Paraceratherium, was the largest land mammal of all time, of any kind we know. It is an Indricothere - a Perissodactyl Mammal, the same as Horses, Rhinos and Tapirs are today. However, the Indricotheres are an extinct group of the Perissodactyl Mammal. Essentially it was a giant Rhino, looking for all the world like a rhino trying to be a giraffe.
It was a bulky, powerful herbivore, that dwarfed the largest land mammals of today; for example, even a female would have weighed as much as 8 Rhinos, at around 15 tonnes, with the largest of the bulkier males possibly weighing closer to 20 tonnes. They were the size of some of the "smaller" (actually average sized) Sauropod Dinosaurs, such as Camarasaurus, Cetiosaurus and Saltasaurus.
At 8 metres tall at the hip and 12-15 metres long, it is clear that they were just that size indeed. Fully grown adults would have had nothing to fear from predation. Juveniles would have stayed under the protection of their mothers for an extensive period of time, until expelled from her presence by force.
Males would battle each other for breeding rights, and Palaeontologists have analysed the skulls, and found that they were reinforced in the males specifically. Why? Well, the best guess is that they were reinforced in males to allow them to better cope with contests of strength, hitting each other in the sides with colossal strikes of the head and neck. Indricotheres were massive, and as with Elephants, larger mammals tend to have longer lifespans.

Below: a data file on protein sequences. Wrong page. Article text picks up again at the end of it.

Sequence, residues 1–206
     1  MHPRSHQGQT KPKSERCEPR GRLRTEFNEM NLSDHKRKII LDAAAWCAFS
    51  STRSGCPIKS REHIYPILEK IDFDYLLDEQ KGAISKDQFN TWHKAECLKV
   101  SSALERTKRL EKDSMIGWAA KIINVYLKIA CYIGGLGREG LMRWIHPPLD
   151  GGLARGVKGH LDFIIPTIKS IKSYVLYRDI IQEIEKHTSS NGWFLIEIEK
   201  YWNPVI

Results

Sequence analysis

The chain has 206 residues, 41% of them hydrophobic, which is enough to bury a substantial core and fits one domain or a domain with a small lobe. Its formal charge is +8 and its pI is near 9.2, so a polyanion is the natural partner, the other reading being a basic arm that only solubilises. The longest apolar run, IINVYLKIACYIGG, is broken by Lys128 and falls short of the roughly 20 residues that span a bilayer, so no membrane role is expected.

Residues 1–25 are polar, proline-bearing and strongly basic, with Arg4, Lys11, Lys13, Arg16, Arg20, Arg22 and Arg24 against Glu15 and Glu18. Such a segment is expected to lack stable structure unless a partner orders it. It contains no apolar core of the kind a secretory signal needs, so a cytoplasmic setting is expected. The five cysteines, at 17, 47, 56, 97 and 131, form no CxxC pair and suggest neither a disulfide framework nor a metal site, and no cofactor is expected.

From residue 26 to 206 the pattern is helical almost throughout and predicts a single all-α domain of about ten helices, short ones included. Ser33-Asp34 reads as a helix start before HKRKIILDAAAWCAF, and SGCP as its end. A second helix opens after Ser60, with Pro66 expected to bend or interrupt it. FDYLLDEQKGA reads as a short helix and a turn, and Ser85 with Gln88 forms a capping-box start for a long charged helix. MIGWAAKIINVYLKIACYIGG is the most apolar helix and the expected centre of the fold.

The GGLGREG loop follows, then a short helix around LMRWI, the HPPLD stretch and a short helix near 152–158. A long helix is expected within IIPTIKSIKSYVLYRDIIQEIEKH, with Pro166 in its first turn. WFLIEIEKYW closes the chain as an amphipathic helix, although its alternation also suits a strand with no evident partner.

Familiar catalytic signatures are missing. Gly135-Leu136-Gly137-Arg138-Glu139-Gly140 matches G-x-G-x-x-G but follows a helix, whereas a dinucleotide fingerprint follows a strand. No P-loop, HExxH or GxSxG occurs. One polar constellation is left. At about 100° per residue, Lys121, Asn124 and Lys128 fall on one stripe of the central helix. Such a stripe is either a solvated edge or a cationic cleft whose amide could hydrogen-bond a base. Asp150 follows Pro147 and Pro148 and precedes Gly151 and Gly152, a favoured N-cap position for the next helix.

Experts reckon that the oldest Paraceratherium could have lived over 80-100 years at least. If an animal lived this long, they would have an extensive knowledge of their environment, remembering the precise location of watering holes for example, even after decades of having not been there since. Indricotheres thrived in Mongolia, Indricotheres such as Paraceratherium, which was the largest of them that we know of.
Further Description[edit | edit source]
Paraceratherium lived 25-20 Million Years Ago, in Mongolia, during the Oligocene Epoch. Indricotheres are known mainly from Asia, particularly Mongolia. Roy Chapman Andrews, first discovered Indricotheres in his famous 1920's expedition into Mongolia, in which amongst many other things, he discovered Entelodonts, Hyaenodonts, Dinosaur nests and several Dinosaur species.